Risks and benefits of direct oral anticoagulants versus warfarin in a real world setting: cohort study in primary careBMJ 2018; 362 doi: https://doi.org/10.1136/bmj.k2505 (Published 04 July 2018) Cite this as: BMJ 2018;362:k2505
All rapid responses
We welcome with interest the study by Vinogradova et al (1). The authors demonstrate increased all-cause mortality associated with the prescription of a direct oral anti-coagulant (DOAC) compared to Warfarin, a vitamin K antagonist (VKA) for anticoagulation in primary care. We share the authors’ concern that the effect size may represent residual confounding.
Health system factors may be contributing unmeasured confounding in this association. This may include for example: local resource implications – e.g. one practice with a better set-up for INR monitoring; or certain regions having local prescribing permissions. These factors would direct prescribing choices and may also influence local population mortality.
A sensitivity analysis or E-value estimate of the impact of potential unmeasured confounding would be a recommended means of estimating robustness of the effect size determined without information on these factors (2). The hazard ratio (HR) of all-cause mortality associated with rivaroxaban in patients without atrial fibrillation was reported as HR 1.51 (95% CI 1.36 to 1.66). Using an E-value calculator (3), an adjusted HR of 1.51 could be explained by an unmeasured confounder that was associated with both the choice of treatment and the outcome by a risk ratio of 2.39-fold each, above and beyond the measured confounders. Uptake of new anticoagulants varied substantially across Clinical Commissioning Groups (CCG) in England from >8% to 60% during the period of study (4). An unmeasured confounding effect of this magnitude may therefore be very reasonable, and the estimated effect size reported may purely represent residual confounding.
We face similar challenges with our own attempts at causal inference using routine data from primary care. We suggest, where available, Lower Layer Super Output Areas (LSOA) mapped onto CCGs and individual prescriber codes as two potential proxy-markers to represent local health system factors as confounders.
1. Vinogradova Y, Coupland C, Hill T, et al. Risks and benefits of direct oral anticoagulants versus warfarin in a real world setting: cohort study in primary care. BMJ 2018;362:k2505
2. VanderWeele TJ,.Ding P. Sensitivity Analysis in Observational Research: Introducing the E-Value. Ann.Intern.Med. 2017;167:268-74.
4. Burn J Pirmohamed M. Direct oral anticoagulants versus warfarin: is new always better than the old? BMJ Open Heart Journal http://dx.doi.org/10.1136/openhrt-2017-000712
Competing interests: No competing interests
We read with great interest the study by Vinogradova and colleagues, which investigates clinical outcomes in patients treated with direct-acting oral anticoagulants (DOACs) or warfarin in a nationwide cohort . This study concluded that apixaban was associated with reduced risks of major, intracranial and gastrointestinal bleeding compared with warfarin, in concordance with previous studies. However, this study also concluded that rivaroxaban and low-dose apixaban were associated with higher mortality than warfarin and these findings are in stark contrast with the literature. In 2017, a meta-analysis of previous observational studies showed that apixaban was associated with a significant reduction in all-cause mortality compared with warfarin (HR 0.65; 95% CI 0.56-0.75) . Rivaroxaban was also associated with a similar numerical, but non-significant, reduction in all-cause mortality compared to warfarin (HR 0.67; 95% CI 0.35-1.30). Furthermore, in randomised studies, DOACs (including rivaroxaban and apixaban) reduced all-cause mortality compared with warfarin (HR 0.90 95% CI 0.85-0.95) with no evidence of heterogeneity between different DOACs in a formal meta-analysis .
Treatment choices are influenced by a variety of factors in clinical practice, including perceived or real safety, “adequacy” of a specific drug for a given patient, familiarity with a specific drug, price, local availability (including availability in a region or in a specialty), and others. Selection of a treatment that is perceived as safer can thus result in an association with worse outcomes. We suggest to call this natural consequence of physicians who want the best for their patients the “good doctor effect”. Some factors that influence outcomes can be measured, and large data sets allow correction for measurable factors using different statistical models. Others cannot be measured (sometimes referred to as “residual confounders”). Only randomisation can eliminate such confounders. Vinogradova et al. adjusted for a selection of known confounders which attenuated the differences in mortality, but hazard ratios for mortality vs. warfarin in AF patients were still numerically raised in both rivaroxaban (HR 1.19; 95% CI 1.09-1.29) and apixaban (HR 1.13; 95% CI 1.01-1.25) treated patients. The 95% confidence intervals did not include 0 for either drug (although statistical significance was only declared for rivaroxaban due to the choice of a threshold for statistical significance of P<0.01).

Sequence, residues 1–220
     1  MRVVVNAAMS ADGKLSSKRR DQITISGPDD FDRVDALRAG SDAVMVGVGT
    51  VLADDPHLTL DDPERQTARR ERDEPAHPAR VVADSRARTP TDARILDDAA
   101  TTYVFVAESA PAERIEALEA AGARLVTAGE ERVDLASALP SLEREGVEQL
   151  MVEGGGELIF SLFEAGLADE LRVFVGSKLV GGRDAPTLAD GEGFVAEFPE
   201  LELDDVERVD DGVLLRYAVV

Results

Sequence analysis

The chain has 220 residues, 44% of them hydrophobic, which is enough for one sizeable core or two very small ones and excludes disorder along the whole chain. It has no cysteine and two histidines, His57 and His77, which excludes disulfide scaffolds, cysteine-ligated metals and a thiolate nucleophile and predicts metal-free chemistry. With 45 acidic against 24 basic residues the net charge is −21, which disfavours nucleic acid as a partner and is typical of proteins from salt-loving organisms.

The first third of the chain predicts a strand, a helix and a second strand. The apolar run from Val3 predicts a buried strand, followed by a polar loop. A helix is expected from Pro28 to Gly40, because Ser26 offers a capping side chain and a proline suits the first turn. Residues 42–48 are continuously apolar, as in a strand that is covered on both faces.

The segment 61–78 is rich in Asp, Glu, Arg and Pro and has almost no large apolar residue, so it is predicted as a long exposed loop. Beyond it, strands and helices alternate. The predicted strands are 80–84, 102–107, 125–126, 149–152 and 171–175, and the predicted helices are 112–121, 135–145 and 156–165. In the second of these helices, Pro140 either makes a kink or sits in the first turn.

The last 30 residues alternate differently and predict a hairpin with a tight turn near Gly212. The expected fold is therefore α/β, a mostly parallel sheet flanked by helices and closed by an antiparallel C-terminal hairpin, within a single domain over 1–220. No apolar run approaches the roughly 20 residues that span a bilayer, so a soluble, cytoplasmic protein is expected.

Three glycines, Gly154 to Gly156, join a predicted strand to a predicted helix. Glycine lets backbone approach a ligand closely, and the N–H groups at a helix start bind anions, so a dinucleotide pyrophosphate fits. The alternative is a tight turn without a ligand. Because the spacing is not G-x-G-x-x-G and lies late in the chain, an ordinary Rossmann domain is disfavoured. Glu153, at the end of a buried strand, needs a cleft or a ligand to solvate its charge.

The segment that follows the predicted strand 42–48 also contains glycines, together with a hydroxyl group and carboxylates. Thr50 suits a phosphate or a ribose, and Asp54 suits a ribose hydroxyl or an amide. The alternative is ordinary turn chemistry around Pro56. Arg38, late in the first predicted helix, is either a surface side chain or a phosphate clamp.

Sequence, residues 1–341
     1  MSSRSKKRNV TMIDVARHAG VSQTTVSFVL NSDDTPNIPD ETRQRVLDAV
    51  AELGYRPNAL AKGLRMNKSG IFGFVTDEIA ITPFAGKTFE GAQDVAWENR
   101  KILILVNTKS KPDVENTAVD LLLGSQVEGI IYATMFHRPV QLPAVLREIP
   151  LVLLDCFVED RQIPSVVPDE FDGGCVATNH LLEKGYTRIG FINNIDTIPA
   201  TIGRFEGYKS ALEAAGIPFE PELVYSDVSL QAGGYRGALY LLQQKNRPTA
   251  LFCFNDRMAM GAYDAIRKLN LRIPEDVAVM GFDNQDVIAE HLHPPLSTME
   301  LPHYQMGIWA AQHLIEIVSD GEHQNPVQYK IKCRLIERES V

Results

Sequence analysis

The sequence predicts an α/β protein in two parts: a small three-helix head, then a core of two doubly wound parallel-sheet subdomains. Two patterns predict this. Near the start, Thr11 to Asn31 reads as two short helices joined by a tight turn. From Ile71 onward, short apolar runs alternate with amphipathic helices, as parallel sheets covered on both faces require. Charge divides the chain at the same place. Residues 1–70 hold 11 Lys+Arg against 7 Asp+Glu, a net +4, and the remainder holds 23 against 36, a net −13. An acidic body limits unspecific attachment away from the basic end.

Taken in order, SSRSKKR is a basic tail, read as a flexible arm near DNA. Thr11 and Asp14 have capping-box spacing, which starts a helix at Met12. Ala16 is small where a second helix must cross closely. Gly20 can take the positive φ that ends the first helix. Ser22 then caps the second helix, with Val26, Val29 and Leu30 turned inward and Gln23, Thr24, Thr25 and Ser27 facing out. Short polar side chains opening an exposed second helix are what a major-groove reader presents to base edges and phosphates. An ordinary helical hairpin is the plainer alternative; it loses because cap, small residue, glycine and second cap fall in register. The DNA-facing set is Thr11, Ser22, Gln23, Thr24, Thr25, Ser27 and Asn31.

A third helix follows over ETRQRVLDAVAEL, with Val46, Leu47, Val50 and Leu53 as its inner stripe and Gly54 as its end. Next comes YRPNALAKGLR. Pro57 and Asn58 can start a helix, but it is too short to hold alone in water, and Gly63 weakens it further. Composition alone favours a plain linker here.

The authors did not include statistical comparisons in baseline characteristics between the different treatment groups, but simple Chi-squared tests show that the proportion of patients aged over 90 years old was significantly higher in both rivaroxaban and apixaban-treated patients compared with warfarin (both P<0.001). The effect of age and related frailty and comorbidities are unlikely to be fully corrected for even with the use of a polynomial term in the statistical model. In addition, important confounders that affect treatment choice were not included in the model, such as patient compliance, level of creatinine clearance, or concomitant treatment with dual antiplatelet therapy in the context of acute coronary syndrome.
Further analysis demonstrated that a substantial proportion of the increased risk associated with rivaroxaban and apixaban was related to the lower dosages of both of these drugs. Similar findings have indeed been demonstrated previously . However, the effects of indication bias are amplified in patients treated with the lower dosages of DOACs due to the additional indication for the lower dose rather than the standard dose, especially if this is not specifically adjusted for. Dose reduction for rivaroxaban is based on creatinine clearance, whilst age, body weight and level of creatinine are used to determine the dose of apixaban. Of these factors, the study by Vinogradova only directly adjusted for age. Inclusion of BMI and a history of chronic kidney disease in the model may have partially adjusted for weight and level of creatinine clearance respectively, important factors for mortality, but residual confounding will have remained.